“In some ways, when I can step back and see the bigger picture, which I’ll admit is very rare, I recognize how beautiful and complex this all is.”

In some ways, when I can step back and see the bigger picture, which I’ll admit is very rare, I recognize how beautiful and complex this all is. Each of us has our struggles, valleys through which we must walk, some of us for many miles. But it’s when we admit the truth—that we are not okay—that we learn how to keep living amidst the pain. This has been the hardest lesson for me: waking every morning with grief by my side and still getting out of bed. Infertility is no longer a season of my life but a daily companion. I have had to learn to live alongside it, just like I have had to learn how to rely on my community and loved ones to carry me when I can’t carry myself. 

I don’t know how this story will end. Our next steps likely include IVF or other methods of growing our family. Everything feels raw and unstable and entirely outside of my control. What I do know is that learning to admit I’m not okay has helped. It doesn’t take away the pain, but it allows me to breathe a bit easier.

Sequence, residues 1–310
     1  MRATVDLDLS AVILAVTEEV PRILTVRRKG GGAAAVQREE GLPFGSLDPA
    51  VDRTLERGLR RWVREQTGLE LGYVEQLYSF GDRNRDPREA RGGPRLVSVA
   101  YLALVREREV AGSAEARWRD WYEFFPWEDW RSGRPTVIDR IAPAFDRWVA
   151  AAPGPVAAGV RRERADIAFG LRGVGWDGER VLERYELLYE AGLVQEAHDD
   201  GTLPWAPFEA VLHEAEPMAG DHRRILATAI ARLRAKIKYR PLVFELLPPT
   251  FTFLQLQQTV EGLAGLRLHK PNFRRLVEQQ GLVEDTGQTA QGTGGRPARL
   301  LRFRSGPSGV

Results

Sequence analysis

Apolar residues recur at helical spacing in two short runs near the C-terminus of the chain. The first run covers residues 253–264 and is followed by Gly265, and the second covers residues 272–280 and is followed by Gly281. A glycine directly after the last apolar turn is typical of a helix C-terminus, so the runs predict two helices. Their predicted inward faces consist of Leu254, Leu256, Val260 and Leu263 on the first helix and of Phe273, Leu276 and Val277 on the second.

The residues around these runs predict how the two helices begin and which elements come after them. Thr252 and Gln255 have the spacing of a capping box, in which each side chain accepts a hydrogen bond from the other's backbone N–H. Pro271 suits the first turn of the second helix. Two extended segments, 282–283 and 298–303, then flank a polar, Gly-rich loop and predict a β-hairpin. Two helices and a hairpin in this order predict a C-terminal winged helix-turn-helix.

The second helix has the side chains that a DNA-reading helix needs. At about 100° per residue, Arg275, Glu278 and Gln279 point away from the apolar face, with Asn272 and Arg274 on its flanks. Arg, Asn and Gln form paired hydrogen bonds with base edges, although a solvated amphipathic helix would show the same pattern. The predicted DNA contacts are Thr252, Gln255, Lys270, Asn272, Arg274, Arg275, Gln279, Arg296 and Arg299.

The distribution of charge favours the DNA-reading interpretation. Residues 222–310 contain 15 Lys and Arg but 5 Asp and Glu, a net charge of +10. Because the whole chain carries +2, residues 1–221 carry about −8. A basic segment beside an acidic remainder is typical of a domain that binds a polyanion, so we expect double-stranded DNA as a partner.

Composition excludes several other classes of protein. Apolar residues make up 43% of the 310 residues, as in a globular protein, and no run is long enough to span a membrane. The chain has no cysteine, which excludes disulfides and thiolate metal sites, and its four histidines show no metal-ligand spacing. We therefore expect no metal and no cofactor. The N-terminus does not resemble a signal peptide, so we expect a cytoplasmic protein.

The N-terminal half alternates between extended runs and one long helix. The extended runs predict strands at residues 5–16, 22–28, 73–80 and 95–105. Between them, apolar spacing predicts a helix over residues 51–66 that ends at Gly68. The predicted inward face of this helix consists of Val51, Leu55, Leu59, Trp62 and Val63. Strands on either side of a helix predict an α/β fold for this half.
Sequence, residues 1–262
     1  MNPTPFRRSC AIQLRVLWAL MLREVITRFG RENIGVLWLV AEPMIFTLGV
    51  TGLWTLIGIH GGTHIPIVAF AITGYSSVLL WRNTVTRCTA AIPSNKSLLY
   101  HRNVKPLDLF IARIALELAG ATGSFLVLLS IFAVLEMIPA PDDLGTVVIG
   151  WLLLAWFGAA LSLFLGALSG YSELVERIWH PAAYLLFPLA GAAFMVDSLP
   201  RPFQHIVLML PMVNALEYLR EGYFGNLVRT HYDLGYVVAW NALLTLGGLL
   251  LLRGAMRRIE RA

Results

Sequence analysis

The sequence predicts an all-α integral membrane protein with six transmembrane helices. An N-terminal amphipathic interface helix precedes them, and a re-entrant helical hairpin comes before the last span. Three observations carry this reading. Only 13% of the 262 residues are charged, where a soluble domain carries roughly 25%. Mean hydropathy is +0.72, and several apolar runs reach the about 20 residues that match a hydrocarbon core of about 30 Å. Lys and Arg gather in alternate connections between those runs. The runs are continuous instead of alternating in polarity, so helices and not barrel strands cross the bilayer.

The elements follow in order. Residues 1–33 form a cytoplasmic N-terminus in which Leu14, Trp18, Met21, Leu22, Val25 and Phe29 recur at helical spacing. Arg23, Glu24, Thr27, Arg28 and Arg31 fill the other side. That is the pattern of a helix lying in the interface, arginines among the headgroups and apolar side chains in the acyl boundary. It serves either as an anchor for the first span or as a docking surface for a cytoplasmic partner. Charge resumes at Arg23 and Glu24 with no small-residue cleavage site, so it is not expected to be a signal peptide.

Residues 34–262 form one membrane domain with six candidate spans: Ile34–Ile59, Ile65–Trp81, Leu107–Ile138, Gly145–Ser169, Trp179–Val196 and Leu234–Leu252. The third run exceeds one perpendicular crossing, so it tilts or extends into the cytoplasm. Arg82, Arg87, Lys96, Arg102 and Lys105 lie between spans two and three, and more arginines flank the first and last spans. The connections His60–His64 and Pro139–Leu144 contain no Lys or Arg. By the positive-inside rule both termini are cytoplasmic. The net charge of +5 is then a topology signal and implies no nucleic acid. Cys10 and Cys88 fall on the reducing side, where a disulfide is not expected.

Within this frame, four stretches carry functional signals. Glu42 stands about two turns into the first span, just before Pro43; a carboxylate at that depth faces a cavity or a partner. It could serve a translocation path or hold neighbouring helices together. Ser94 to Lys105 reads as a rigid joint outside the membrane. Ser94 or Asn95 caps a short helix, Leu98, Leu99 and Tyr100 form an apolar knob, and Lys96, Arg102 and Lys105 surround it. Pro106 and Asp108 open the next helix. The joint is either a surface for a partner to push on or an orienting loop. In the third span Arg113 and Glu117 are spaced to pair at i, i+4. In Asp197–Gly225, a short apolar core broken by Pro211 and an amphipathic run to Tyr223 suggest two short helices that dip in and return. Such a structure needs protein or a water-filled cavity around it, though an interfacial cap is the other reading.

When we name our truths, we lighten our loads, even if only by a little. Our shoulders relax, and the tears that have needed to flow finally do. We are honest for the very first time in a while. Maybe it doesn’t change our circumstances. Maybe it doesn’t feel like it’s helpful. But the truth is out. We care for ourselves by being honest about where we are at. That has to count for something, I hope.

Kayti Christian is the Managing Editor at The Good Trade. She has a Master’s in Nonfiction Writing from the University of London and is the creator of Feelings Not Aside, a newsletter for sensitive people.